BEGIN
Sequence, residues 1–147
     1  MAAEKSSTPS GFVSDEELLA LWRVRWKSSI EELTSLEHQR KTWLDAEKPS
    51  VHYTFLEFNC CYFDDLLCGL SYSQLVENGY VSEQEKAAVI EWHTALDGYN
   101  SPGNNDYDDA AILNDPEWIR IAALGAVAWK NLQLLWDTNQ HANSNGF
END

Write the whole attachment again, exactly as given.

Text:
Sequence, residues 1–147
     1  MAAEKSSTPS GFVSDEELLA LWRVRWKSSI EELTSLEHQR KTWLDAEKPS
    51  VHYTFLEFNC CYFDDLLCGL SYSQLVENGY VSEQEKAAVI EWHTALDGYN
   101  SPGNNDYDDA AILNDPEWIR IAALGAVAWK NLQLLWDTNQ HANSNGF